Thursday, June 22, 2006

Interview: Greg Attonio of The Bouncing Souls

This is a bit of an act of contrition. I've been fairly slack with my updates of late. So in an attempt to appease you the good reader, I present an interview I conducted with Greg from The Bouncing Souls for Time Off magazine a few weeks ago. If you kids are nice, I'll even re-post the interview I'm conducting with Pennywise tomorrow morning. Or not. So without further ado.

You’d expect a band like the Bouncing Souls - one with a near 20 year history and who’ve just completed their 7th full length record - to utter clichés about keeping things fresh. But as vocalist Greg Attonio explains, the old adage, that familiarity breeds contempt, is merely a well worn truth.

Like all great punk rock, the Bouncing Souls were born out of boredom, alienation and angst. The band first jammed while the members were still in high school, playing out of necessity more than want.

But after eking out a comfortable existence and a fan base that spans the width of the globe, the Bouncing Souls found their angers tempered and their passions waning. Attonio explains the process the Bouncing Souls undertook to keep things novel for ‘The Gold Record’.

“I think you have to hit it from a different angle every time and be fresh about it,” he says from his father’s house in New Jersey. “We got together and wrote all the songs together which we hadn’t done on our previous records.

“We also had Ted Hutt, who’s a producer, involved in the song writing process. It’s like a relationship. One you’ve had for a long time. You tend to do the same things. You have to mix it up. And it’s not always easy to do that on your own. It was good to have his perspective. To look at it objectively.”

Because the Souls congealed while the members were in their formative teenage years, one could imagine the function of their music shifting from the therapeutic one it once took on. Attonio explained the process of reconciling his artistic ambitions with the realities of the road.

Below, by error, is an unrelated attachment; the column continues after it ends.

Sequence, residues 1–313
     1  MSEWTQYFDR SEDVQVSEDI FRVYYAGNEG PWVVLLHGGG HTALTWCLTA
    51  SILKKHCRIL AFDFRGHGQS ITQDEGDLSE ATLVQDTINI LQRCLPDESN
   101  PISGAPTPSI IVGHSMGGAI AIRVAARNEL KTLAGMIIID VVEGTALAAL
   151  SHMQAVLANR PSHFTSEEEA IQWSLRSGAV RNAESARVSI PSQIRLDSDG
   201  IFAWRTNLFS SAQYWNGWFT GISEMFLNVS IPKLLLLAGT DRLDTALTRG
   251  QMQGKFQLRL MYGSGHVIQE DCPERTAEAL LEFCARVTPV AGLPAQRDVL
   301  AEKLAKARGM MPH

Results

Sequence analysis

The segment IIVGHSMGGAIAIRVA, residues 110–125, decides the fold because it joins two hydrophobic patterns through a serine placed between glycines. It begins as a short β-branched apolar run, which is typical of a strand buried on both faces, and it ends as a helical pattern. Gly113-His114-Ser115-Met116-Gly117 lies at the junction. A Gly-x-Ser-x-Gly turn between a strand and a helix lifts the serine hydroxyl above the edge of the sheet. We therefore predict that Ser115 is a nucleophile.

“When I was a kid, music was my release, we’d go into a jam room or a basement and it was my release from life. Now we’re musicians and we’re going and getting paid for it. It really was a dream come true.

“You find yourself in a job that’s fucking hard. You play for one hour every night. But what people don’t see if that you’re in a van travelling 10 hours a day. And it’s like torture. You’re almost better off having a normal job.”

While few would doubt the Bouncing Souls’ zeal for life and romanticism, their music has never been marked by political commentary. Instead their catalogue is littered with boisterous drinking anthems and tales of comradery.

But on ‘The Gold Record’ the song ‘Letter From Iraq’ strays from the Bouncing Souls’ usually a-political tone.

“You know love songs are great but sometimes you feel you want to say a little bit more.” Attonio says of the origin of the song. “We had a friend, Garrett, who was just about to leave for Iraq. We met him when we were in Germany. We became friends and (Bouncing Souls’ bass guitarist) Brian decided to make a letters from Iraq spot on out website, where we could put up his letters.

“When we started writing the record we were looking for ways to express ourselves and it didn’t make sense because we didn’t have that true experience. Jarrod e-mailed us the next day. And we thought ‘yes, we can just put this to music’”.


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